Our University: Things That Change and Things That Stay the Same
Kenneth G. Elzinga
Robert C. Taylor Professor of Economics
Jefferson Council @ Alumni Hall
April 5, 2022
Professors are always willing to profess, but I do not intend to profess about economics. I plan to talk about Mr. Jefferson’s University, where I have had the privilege to be employed since the fall of 1967. UVA has had nine presidents. I have served under six of them. I am told that I have taught more students than any other faculty member in the history of the school: approaching 50,000. I also am married to a UVA alumna. My wife Terry is a graduate of the Architecture School. The seven letters on her Virginia license plate spell: ROTUNDA.
When I reflect on my experience at UVA, I hold in tension a deep sense of admiration for the University and, at the same time, I can restrain my enthusiasm for characteristics of the school that have surfaced during my time on the faculty.
I want to be very clear: I am grateful to the University for a paycheck; for the freedom to do research on topics that I wanted to explore; to teach a subject I find difficult but interesting; to connect with students, some of whom have become friends; even to have the extraordinary privilege of living on the Lawn for ten years.
To use a Biblical illusion, my cup runneth over.
Let me recount five changes I have observed that I admire about this institution. I could add more if I had time.
The most notable change during my time is the coed character of the College of Arts and Sciences. When I joined the faculty, all the students in the College were men. When the College admitted women (the year was 1970), it did not do so in token fashion. In two years, the College was thoroughly integrated, male, and female.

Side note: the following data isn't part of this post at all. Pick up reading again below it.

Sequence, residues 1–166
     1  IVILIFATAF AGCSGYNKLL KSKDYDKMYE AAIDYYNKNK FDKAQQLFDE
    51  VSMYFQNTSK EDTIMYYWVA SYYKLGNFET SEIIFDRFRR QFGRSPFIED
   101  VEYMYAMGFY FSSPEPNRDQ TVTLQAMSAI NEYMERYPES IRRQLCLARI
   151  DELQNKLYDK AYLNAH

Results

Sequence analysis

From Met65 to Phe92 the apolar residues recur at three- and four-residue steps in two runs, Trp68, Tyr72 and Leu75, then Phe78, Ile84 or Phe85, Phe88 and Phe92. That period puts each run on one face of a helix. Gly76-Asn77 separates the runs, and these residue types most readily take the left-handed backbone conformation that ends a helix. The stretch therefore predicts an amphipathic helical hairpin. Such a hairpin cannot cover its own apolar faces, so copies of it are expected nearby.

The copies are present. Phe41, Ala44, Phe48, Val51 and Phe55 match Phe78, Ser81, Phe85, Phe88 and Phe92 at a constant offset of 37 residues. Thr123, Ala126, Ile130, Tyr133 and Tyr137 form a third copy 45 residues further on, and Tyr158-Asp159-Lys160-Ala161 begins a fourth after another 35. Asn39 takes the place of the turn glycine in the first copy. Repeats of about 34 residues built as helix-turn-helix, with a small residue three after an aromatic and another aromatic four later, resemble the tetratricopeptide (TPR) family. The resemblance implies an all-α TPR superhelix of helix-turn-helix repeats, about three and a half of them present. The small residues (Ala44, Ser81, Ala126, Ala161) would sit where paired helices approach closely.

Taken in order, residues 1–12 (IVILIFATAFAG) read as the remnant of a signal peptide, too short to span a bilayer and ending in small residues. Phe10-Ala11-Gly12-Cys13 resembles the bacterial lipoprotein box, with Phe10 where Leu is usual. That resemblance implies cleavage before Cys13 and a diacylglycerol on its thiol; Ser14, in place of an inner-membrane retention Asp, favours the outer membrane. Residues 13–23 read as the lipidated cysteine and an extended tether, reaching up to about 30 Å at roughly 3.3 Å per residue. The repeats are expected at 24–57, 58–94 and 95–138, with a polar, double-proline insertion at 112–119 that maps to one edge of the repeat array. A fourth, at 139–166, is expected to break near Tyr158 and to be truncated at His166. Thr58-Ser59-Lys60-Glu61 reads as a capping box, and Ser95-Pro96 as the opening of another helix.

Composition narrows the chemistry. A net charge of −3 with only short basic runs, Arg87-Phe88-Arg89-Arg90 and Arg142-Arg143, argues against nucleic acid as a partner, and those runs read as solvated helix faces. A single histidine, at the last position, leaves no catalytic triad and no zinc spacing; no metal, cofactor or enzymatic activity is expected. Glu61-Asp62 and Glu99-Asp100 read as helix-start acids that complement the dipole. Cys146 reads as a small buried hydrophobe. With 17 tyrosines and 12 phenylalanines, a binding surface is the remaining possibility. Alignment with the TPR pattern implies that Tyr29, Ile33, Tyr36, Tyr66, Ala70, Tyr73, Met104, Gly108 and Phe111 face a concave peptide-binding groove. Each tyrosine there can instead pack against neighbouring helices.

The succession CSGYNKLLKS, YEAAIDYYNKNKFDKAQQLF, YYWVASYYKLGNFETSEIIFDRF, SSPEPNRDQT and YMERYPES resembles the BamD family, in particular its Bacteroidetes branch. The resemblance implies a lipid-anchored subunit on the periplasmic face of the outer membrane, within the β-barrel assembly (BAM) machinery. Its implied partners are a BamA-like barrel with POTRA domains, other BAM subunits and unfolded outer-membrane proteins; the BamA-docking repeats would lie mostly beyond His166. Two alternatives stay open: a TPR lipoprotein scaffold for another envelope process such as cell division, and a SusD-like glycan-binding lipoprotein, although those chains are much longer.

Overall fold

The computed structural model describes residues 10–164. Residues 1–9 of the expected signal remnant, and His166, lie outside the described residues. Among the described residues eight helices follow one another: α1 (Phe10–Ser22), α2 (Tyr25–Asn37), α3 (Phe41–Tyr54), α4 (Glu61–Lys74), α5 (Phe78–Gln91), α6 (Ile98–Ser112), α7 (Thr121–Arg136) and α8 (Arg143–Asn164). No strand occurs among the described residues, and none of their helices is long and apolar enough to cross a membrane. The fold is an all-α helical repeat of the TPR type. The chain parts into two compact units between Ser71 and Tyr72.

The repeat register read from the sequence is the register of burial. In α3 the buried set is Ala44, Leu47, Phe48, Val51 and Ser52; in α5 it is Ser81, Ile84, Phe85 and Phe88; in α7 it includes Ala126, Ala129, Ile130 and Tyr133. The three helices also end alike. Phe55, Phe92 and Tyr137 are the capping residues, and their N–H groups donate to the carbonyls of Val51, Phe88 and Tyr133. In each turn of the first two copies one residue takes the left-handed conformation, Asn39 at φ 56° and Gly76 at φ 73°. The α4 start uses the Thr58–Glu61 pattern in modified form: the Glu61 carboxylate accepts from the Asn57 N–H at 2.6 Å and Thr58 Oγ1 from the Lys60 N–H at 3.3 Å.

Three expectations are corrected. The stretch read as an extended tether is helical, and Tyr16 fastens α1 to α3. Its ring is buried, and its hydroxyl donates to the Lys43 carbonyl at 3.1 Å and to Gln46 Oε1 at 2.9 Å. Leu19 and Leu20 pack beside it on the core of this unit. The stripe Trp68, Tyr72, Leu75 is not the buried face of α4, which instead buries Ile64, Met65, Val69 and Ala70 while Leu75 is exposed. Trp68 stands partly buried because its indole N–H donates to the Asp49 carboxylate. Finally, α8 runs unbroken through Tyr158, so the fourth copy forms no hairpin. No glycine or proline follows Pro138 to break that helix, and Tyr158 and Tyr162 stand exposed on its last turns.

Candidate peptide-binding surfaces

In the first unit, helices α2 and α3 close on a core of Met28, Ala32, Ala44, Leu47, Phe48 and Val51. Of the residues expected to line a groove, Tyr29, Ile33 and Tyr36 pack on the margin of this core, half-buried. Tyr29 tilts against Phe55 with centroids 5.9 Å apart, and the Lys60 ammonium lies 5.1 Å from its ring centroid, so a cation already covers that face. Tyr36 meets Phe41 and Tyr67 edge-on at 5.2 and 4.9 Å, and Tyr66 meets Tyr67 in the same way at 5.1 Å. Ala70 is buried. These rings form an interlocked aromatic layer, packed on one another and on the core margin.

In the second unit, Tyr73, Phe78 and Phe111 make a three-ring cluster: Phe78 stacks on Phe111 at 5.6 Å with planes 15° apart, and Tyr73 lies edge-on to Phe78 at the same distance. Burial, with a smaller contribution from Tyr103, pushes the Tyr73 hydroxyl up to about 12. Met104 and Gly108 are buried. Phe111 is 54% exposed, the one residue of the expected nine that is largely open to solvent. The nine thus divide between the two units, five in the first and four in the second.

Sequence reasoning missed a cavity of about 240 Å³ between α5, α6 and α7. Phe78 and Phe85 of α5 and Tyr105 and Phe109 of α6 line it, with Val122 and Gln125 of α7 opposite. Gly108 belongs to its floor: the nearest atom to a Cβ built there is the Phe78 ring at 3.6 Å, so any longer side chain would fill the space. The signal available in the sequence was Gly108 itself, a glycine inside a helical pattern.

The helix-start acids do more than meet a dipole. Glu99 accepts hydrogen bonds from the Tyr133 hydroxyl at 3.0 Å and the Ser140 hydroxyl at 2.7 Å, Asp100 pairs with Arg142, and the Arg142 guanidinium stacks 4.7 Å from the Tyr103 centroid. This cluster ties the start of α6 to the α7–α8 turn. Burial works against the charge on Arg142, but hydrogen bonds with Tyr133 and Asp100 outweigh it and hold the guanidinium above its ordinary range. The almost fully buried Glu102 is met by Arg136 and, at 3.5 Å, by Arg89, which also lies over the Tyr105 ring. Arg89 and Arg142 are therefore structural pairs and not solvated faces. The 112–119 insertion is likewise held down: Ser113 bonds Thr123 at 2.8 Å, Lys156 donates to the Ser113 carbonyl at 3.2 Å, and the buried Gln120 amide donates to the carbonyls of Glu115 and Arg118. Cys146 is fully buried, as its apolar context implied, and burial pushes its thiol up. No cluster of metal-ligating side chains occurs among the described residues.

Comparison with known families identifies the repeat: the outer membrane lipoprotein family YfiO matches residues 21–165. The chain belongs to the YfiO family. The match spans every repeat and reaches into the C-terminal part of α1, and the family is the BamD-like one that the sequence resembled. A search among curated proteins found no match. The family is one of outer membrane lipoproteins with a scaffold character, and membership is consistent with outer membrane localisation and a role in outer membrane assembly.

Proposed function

The move to coeducation was accomplished with remarkable skill by the administration. One result has been to improve the academic stature and classroom rigor of the College. And like every professor I know in the College, I am pleased that a “son of the University” now can be someone’s daughter.
Another change is the skin color of the University community. When I arrived, students at Mr. Jefferson’s University were almost all white. I do not know the statistics, but I suspect the undergraduate population is now almost 25% non-white. The number of African American and students of Asian background is evident to anyone attending classes or walking on the grounds.
Another change is the quality of the students and the academic intensity of some majors. UVA always has attracted some exceptionally talented students. It still does – but there are more of them. No offense to those who graduated a while back, but the College of Arts and Sciences is a better school than it was in the late 1960’s.
Economics, where I hang my hat, is now the largest major in the College. Undergraduate students who do well in my department know more economics than students who earned a master’s degree in the 1960s and 70s.
Another change – and this is number four on my list – is athletics at UVA. I am not a big sports fan, but I am struck by the change in the status of Virginia sports teams during my time on the faculty — where a national championship in at least one sport is expected every year.
Let me add a footnote to number four: having taught hundreds of varsity athletes, I have never had a coach in any sport ask me to do anything academically unethical. Athletics at the University of Virginia is like what President Reagan called a “shining city on a hill” – especially compared to the scurrilous conduct of athletics in a town South of here called Chapel Hill.
Number five, the last I shall mention, is the increasing interest in religious observance among students, especially evangelical Christianity, but also Judaism and recently Islam. Within the Christian sphere, UVA was a wasteland in the late 1960s. Today the best estimate I have is that there are about 1400 undergraduate students involved in Christian fellowships on grounds, either attending large group meetings or in small group Bible studies. When I arrived, there was one group of Christian students that I knew of – and it was so small it could meet around a table.